Every Saturday we used to watch wrestling but never anything else there was live wrestling on Monday afternoon at Walford Road Saif Ali Shah was very famous wrestler.  Mainly asian people used to watch it.

People were very nice they took us to places we couldn’t find.  We knew the road name but couldn’t pronounce it properly we asked a woman and she walked 500 ya When he arrive  It was foggy and dark which was totally different to what I was used to.  When I saw women in short dresses I was shocked it was a totally different culture. It was.  My dad came here in 1958.  I had four cousins here and lots of other relatives.  My mom sister and brother were in Pakistan.  My cousin came here in 1954 he had his own house and another cousin bought one opposite so we had 2 houses on the same road.  Four other houses belonged to Pakistani people.  There were about 2 cars on the whole road.  When I first came my father got ill I came in 24th January 1961 after a few days he went to see a doctor they sent him for x rays and he was sent to a TB doctor in Ramsley Hill which was 12 to 14 miles away near Worcestershire Stourbridge he was in hospital for 6 months.  When I came here I started looking for a job.  I got a job on 8th March 1961 at British Motors Drews Lane.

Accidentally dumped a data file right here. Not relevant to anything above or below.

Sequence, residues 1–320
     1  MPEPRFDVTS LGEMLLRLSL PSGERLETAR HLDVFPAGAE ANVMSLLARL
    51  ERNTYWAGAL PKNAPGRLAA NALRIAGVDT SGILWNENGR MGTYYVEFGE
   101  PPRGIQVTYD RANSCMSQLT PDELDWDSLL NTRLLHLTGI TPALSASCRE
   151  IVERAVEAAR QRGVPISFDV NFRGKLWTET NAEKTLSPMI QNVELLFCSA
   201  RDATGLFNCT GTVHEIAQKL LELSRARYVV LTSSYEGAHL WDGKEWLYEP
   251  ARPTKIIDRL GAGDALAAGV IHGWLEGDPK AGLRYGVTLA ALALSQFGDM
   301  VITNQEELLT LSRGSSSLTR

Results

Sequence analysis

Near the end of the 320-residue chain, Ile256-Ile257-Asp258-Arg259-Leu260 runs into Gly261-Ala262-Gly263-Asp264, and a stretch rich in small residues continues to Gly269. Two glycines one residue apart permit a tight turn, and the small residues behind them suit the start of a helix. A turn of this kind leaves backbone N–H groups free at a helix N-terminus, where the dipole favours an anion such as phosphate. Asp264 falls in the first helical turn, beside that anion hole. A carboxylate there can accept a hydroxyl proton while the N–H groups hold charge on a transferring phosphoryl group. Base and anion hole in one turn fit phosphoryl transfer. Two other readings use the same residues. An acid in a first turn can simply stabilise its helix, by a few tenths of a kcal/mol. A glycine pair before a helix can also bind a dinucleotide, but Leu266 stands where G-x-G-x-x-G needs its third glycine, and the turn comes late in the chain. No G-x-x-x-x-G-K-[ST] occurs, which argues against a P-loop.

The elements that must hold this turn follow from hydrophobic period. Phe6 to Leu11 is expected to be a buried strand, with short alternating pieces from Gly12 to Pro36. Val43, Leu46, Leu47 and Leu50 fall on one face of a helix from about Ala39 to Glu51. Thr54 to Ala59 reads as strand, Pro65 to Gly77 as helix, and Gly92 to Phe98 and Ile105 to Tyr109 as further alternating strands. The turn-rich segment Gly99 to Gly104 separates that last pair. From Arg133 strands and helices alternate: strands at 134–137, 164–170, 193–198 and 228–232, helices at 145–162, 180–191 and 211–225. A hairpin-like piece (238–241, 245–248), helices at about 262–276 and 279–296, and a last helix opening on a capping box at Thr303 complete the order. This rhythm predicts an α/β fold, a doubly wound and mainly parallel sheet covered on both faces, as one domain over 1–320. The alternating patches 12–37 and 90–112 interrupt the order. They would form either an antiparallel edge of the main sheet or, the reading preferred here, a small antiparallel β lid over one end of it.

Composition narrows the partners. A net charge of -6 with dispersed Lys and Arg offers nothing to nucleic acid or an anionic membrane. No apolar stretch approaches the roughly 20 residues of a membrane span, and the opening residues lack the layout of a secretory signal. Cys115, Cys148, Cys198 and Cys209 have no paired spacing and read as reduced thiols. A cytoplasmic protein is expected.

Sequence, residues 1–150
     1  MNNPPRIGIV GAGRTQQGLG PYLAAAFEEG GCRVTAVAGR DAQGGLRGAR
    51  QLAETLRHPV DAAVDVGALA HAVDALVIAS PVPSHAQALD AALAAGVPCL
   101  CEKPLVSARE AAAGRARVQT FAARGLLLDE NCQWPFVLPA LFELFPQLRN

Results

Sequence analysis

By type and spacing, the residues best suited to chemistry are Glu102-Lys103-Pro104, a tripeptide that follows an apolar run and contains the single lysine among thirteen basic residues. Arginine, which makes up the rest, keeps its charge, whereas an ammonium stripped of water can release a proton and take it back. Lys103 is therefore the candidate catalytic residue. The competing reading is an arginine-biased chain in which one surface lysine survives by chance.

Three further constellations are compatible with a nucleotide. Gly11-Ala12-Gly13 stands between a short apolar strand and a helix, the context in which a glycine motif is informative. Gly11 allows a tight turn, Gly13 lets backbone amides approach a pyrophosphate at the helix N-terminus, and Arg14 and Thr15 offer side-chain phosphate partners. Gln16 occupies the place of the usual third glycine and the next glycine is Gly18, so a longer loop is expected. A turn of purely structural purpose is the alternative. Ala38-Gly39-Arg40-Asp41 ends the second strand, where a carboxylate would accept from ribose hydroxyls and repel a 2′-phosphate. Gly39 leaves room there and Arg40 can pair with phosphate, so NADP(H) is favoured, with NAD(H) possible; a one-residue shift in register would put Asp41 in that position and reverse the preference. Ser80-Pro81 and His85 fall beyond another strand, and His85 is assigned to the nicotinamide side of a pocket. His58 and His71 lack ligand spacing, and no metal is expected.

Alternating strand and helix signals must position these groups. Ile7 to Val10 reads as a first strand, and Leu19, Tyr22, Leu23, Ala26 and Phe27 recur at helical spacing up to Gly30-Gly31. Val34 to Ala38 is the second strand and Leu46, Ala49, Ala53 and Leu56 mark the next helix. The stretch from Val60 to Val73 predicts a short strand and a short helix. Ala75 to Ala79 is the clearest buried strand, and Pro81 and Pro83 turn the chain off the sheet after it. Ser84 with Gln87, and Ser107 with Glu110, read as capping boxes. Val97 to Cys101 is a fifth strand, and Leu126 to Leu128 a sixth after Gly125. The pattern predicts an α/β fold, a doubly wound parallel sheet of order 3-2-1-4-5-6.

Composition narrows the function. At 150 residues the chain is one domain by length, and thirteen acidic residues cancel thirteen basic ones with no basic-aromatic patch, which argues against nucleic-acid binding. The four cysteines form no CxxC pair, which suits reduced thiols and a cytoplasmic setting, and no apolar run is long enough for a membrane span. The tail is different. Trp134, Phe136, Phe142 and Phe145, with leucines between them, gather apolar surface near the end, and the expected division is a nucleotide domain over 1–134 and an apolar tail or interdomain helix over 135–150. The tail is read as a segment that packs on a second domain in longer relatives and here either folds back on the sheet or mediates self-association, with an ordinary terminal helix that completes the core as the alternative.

rds to take us there.  The only mosque for funerals was on speedwell road and there was funeral services on Mosely road run by English people if need that was the service used.